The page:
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Roles directory / AI & ML

Machine Learning Engineer

Overview

Machine learning engineers build and deploy machine learning models to solve business problems. They design and implement algorithms, train models, and optimize them for performance.

Also known as:
ML Engineer, Applied ML Engineer

Skills

Typical years of experience

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Machine Learning Engineer

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What is machine learning?

At its core, machine learning is a subset of artificial intelligence (AI) that focuses on enabling computers to learn and improve from data without being explicitly programmed.

Machine learning algorithms learn patterns and relationships from vast amounts of data, allowing systems to make predictions, identify trends, and solve complex problems. This ability to learn from data is what sets machine learning apart from traditional rule-based programming approaches.

The field of machine learning encompasses a wide range of methodologies, including supervised learning, unsupervised learning, and reinforcement learning. Each approach has its own set of applications and techniques which cater to different types of problems and data.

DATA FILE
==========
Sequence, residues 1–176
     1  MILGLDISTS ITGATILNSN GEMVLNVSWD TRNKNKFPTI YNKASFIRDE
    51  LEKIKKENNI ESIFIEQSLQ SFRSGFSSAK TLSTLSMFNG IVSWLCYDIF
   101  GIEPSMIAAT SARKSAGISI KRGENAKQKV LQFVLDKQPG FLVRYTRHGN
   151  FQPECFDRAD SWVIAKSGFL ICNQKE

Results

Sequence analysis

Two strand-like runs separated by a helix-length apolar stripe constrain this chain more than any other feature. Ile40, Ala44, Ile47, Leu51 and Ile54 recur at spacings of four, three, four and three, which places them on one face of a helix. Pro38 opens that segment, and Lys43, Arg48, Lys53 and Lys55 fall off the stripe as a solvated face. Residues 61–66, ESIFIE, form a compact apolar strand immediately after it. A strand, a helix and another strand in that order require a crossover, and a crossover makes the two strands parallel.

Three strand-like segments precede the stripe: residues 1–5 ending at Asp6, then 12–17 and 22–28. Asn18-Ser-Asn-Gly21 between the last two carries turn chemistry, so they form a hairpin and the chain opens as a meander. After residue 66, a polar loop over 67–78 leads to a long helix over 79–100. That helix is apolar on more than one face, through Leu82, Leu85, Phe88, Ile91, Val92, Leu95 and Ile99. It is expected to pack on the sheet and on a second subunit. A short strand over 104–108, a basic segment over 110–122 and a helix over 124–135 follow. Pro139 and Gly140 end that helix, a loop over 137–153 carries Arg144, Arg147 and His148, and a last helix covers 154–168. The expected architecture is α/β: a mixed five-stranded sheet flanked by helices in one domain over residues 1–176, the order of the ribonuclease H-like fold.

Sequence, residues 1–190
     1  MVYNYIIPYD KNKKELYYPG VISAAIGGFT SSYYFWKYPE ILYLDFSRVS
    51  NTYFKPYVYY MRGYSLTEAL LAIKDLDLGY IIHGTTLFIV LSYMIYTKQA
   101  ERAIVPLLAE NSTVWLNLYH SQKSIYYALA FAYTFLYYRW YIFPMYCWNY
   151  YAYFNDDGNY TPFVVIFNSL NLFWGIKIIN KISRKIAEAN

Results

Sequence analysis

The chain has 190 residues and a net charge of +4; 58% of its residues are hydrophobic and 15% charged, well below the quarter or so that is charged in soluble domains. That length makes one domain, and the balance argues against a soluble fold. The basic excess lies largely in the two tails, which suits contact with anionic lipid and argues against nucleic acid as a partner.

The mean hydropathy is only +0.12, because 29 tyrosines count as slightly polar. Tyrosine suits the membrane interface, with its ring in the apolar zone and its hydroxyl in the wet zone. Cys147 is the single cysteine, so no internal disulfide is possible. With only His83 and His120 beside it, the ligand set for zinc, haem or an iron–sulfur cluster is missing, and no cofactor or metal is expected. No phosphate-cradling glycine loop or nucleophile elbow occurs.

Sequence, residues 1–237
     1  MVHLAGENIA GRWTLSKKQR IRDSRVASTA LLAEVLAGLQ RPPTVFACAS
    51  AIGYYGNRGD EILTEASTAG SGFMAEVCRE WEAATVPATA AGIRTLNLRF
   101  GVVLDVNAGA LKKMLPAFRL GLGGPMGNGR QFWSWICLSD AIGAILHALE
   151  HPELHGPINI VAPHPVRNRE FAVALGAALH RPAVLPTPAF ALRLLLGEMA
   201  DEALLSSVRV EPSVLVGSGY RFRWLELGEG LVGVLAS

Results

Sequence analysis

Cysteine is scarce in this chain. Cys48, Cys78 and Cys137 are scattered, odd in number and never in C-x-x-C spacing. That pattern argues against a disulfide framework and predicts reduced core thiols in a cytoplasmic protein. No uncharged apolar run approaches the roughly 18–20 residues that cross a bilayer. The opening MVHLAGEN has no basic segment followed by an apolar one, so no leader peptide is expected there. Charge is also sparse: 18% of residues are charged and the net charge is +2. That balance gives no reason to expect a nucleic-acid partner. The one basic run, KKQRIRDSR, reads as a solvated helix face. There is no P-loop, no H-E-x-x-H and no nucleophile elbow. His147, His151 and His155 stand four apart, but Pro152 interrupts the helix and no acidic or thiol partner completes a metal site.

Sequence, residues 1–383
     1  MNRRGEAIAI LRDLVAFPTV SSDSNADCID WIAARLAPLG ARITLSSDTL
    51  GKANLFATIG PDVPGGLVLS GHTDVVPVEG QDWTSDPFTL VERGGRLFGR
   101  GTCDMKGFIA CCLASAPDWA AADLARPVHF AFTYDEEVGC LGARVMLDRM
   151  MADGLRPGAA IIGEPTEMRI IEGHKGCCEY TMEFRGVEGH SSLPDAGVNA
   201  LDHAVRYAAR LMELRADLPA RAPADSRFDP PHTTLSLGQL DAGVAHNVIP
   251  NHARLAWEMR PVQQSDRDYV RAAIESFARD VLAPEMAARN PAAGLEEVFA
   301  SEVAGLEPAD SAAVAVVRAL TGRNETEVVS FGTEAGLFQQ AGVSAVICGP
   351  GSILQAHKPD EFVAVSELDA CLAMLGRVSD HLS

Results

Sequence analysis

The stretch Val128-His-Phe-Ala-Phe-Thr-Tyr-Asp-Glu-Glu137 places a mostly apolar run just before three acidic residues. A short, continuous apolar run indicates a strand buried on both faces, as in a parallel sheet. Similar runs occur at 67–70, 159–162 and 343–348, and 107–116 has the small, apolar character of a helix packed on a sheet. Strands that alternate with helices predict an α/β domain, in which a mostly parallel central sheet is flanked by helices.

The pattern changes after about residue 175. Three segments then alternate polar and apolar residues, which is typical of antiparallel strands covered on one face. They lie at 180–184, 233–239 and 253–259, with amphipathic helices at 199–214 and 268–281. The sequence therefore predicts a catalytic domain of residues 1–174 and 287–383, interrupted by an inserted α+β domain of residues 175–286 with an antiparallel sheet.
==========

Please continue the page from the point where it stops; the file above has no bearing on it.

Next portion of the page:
What does a machine learning engineer do?

Machine learning engineers are the driving force behind the development and implementation of machine learning models and algorithms. Let’s delve into the specific responsibilities and tasks that machine learning engineers undertake.

Data Preparation

One of the foundational tasks of a machine learning engineer is data preparation. This involves gathering, cleaning, and organizing large amounts of data in a way that’s suitable for training machine learning models. Machine learning algorithms rely heavily on high-quality data, and the process of data preprocessing ensures that the data is in a usable format. This may involve tasks such as handling missing values, normalizing data, and transforming features.

Algorithm Design and Selection

Machine learning engineers are responsible for selecting or designing the most appropriate algorithms for a specific task. They analyze the problem domain, the available data, and the desired outcomes to determine the best approach. This involves choosing the right type of algorithm, such as decision trees, support vector machines, or deep neural networks. Additionally, they must consider hyperparameter tuning, selecting appropriate loss functions, and optimization algorithms to train the models effectively.

Model Training and Evaluation